Monday, 16 October 2017
Vice-Chair Calum Macleod features on tonight's episode of Caught on Camera (made by Channel 5) and explains why body-worn video is so important to help protect frontline officers.
The Caught on Camera series looks at how surveillance cameras can help fight crime and past episodes have attracted more than a million viewers. I was keen to take part because it offers an opportunity for the Federation to talk about Protect the Protectors, our campaign to highlight the unacceptably high number of assaults against police officers – and how body-worn video (BWV) can help provide the evidence to secure convictions.
Saturday, 23 September 2017
National Vice-Chair Calum Macleod calls on MPs to Protect The Protectors ahead of the Labour and Conservative party conferences.
Police officers work tirelessly to protect the public from harm, and that has never been more evident than in recent months as we continue to fight terrorism, as well as an increase in the vast majority of crimes. But who protects the protectors? The answer is of course the Federation, as it's our duty as a staff association, but the answer also lies with Parliament.
Under the campaign Protect The Protectors we are working hard to do exactly that. The campaign was initiated to raise awareness of the staggering number of assaults that are committed against police officers – it is estimated that one takes place every four minutes – but has evolved to encompass much more.
Friday, 22 September 2017
Today saw PFEW lead with two very important updates: the first being an open letter to the Prime Minster demanding answers around the pay award and the other being the results of our Routine Arming Survey, which is the focus of this blog.
While the figures are out there, there does need to be context added to the results as there is much more behind the headlines than just ‘Cops wanting Guns’.
When we compare the survey to the last one which was done in 2006, the most significant change is around the percentage of officers who wish to be routinely armed - an increase of 10 percentage points, taking the 2006 figure from 24% to 34%. While this figure represents the national view of all federated ranks, the support for routine arming varies significantly from this figure when we break it down by role type or rank.
Another important stat to come from the survey is the willingness of police officers to carry a firearm if necessary: this figure similarly increased by 10 percentage points since 2006 to 55%.
Finally, the personal view from majority of those who took part, is that they do not wish to be routinely armed, equating to two thirds of the responses.
It shouldn’t really come as any surprise that there are increases in the survey results since 2006. In fact I was prepared for the increases to be higher. Police officer numbers have been decimated under this government, while demand has increased, along with the country being subject to numerous acts of terrorism. Officers have been single- crewed in an attempt to spread reduced numbers to meet these increasing demands, often leaving them facing violent incidents on their own, with backup further away than we would like to admit.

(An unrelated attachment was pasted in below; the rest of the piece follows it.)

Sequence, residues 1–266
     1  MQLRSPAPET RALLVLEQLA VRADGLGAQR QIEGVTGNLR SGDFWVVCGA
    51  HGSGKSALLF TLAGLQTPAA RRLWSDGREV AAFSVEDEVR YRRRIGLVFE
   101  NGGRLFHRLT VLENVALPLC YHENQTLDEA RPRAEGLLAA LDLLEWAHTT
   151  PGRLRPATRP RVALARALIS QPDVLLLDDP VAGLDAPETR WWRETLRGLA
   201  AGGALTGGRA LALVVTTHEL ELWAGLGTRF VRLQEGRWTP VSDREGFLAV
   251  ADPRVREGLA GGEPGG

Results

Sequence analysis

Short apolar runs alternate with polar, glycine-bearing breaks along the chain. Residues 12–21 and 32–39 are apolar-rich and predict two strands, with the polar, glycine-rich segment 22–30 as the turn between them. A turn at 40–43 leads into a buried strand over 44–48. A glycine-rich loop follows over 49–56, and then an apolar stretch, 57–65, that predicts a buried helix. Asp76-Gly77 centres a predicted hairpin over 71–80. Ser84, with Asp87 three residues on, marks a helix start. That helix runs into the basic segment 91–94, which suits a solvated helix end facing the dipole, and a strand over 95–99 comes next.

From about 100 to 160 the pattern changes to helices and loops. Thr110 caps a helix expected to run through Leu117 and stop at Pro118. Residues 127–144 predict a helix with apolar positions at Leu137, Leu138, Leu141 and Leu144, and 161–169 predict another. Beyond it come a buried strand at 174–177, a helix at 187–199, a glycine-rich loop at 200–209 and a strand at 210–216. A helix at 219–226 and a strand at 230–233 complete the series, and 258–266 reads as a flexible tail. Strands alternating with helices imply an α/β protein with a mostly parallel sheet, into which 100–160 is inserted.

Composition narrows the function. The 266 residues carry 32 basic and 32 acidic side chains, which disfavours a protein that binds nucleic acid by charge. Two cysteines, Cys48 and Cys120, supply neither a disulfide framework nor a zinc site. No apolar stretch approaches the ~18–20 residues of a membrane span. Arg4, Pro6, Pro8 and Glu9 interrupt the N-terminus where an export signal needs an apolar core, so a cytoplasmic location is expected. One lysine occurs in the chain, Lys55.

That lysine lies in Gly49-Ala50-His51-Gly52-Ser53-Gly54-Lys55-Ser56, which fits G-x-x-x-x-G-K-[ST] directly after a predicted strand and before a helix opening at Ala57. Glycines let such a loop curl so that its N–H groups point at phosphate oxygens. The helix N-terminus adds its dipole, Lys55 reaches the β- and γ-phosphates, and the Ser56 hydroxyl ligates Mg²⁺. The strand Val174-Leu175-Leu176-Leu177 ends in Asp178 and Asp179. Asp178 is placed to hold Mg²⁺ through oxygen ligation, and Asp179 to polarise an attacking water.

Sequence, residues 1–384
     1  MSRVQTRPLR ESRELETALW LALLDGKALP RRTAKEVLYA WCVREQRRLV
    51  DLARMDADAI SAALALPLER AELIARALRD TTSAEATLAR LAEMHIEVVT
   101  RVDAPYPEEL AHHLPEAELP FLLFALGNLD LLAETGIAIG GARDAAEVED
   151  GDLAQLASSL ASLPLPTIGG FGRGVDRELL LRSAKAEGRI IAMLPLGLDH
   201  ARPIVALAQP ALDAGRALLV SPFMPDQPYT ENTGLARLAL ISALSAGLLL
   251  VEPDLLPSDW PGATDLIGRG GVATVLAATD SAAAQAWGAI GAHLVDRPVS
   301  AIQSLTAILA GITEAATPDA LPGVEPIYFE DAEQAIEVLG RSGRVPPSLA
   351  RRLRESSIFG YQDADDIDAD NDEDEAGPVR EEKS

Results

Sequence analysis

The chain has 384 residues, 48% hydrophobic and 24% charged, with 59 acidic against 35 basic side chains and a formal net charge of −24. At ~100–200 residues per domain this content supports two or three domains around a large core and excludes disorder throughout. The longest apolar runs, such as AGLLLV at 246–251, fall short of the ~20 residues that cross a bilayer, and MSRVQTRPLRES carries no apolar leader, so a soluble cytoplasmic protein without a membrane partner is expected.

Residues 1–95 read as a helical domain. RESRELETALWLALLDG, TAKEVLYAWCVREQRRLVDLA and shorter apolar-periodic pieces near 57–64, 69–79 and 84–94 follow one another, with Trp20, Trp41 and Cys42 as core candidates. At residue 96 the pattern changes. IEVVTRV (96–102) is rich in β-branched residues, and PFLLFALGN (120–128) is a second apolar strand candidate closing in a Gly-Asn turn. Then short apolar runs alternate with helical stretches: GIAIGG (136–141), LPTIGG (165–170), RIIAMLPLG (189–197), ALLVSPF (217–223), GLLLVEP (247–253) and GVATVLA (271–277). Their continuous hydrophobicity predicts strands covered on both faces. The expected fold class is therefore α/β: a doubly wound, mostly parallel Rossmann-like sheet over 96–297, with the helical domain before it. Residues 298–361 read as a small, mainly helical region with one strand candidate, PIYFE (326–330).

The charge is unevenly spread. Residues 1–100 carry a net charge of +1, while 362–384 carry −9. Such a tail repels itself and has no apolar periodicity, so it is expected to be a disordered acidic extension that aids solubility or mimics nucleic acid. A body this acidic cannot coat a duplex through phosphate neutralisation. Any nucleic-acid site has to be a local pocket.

The question of routine arming is always going to be an emotive one - for our officers and for the public too. However we need to understand that how and what we police is changing. In the 15 years that I have been serving, we have gone from VHS CCTV recordings to digital; facial recognition was undertaken by officer observation; a less than lethal option to a firearm was a baton round; we didn’t wear body armour; my radio weighed more than a house brick and I never thought that officers would have to deal with a marauding terrorist attack or respond to the aftermath of a bomb at a pop concert.
Just as technology moved ahead quickly, so has the threat, harm and risk to public and the police. In Chief Constable Sarah Thornton’s recent press release, she states that the ‘spate of attacks in the UK and Europe are a shift not a spike in the threat, which will take 20 or 30 years to eliminate.’ Interpret that as you wish. I interpret it as these latest attacks won’t be the last.
Sunday, 10 September 2017
Tim Rogers, lead on police pursuits for the Police Federation of England and Wales, discusses the long struggle to better protect emergency service drivers and why it is finally coming to a head.
We have campaigned for a change in legislation around emergency response driving for seven years now. Current legislation does not recognise professional training - the very training that enables them to do their job and keep our communities safe.
Trained professionals are being judged by the same standards as the careful and competent driver, as a member of the public in any normal driving situation.
Tuesday, 05 September 2017
Karen Stephens, national lead for detectives and secretary for the Police Federation's National Detectives' Forum (PFNDF) on why this specialist area of policing is in crisis and the need to evidence just how bad the situation is.
Traditionally to become a detective you had to fight for it. Prove that you had what it takes - it was a career that I long aspired to pursue, my vocation. But I've watched colleagues become down heartened with the job - stressed, over-worked, under paid, and with no incentive for promotion decide to leave the service. Our latest national detectives' survey seeks the views of serving officers. We want their voices to be heard - the reality to be told.